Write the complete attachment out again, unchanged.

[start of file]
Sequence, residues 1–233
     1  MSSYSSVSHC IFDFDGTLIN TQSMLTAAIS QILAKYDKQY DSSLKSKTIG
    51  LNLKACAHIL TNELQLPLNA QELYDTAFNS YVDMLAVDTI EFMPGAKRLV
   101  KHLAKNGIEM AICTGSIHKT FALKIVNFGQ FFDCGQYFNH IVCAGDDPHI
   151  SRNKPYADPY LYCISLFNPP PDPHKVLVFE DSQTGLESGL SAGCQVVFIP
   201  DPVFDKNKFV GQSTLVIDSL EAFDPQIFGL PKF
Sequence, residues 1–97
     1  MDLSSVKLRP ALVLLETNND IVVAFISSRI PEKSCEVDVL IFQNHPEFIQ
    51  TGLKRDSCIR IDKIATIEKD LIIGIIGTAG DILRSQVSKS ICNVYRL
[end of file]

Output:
Sequence, residues 1–233
     1  MSSYSSVSHC IFDFDGTLIN TQSMLTAAIS QILAKYDKQY DSSLKSKTIG
    51  LNLKACAHIL TNELQLPLNA QELYDTAFNS YVDMLAVDTI EFMPGAKRLV
   101  KHLAKNGIEM AICTGSIHKT FALKIVNFGQ FFDCGQYFNH IVCAGDDPHI
   151  SRNKPYADPY LYCISLFNPP PDPHKVLVFE DSQTGLESGL SAGCQVVFIP
   201  DPVFDKNKFV GQSTLVIDSL EAFDPQIFGL PKF
Sequence, residues 1–97
     1  MDLSSVKLRP ALVLLETNND IVVAFISSRI PEKSCEVDVL IFQNHPEFIQ
    51  TGLKRDSCIR IDKIATIEKD LIIGIIGTAG DILRSQVSKS ICNVYRL